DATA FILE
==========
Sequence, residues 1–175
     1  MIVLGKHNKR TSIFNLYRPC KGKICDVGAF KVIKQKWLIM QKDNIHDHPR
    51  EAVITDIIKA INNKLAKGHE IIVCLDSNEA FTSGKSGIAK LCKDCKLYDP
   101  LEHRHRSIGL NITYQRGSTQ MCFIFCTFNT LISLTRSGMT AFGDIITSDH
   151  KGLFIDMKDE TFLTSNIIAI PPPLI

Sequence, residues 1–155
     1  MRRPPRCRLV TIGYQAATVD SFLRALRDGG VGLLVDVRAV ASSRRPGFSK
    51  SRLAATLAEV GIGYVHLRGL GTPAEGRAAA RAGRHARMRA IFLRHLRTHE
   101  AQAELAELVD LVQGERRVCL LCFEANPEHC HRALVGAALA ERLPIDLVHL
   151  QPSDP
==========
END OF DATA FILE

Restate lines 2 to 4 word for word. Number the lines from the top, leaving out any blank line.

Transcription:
     1  MIVLGKHNKR TSIFNLYRPC KGKICDVGAF KVIKQKWLIM QKDNIHDHPR
    51  EAVITDIIKA INNKLAKGHE IIVCLDSNEA FTSGKSGIAK LCKDCKLYDP
   101  LEHRHRSIGL NITYQRGSTQ MCFIFCTFNT LISLTRSGMT AFGDIITSDH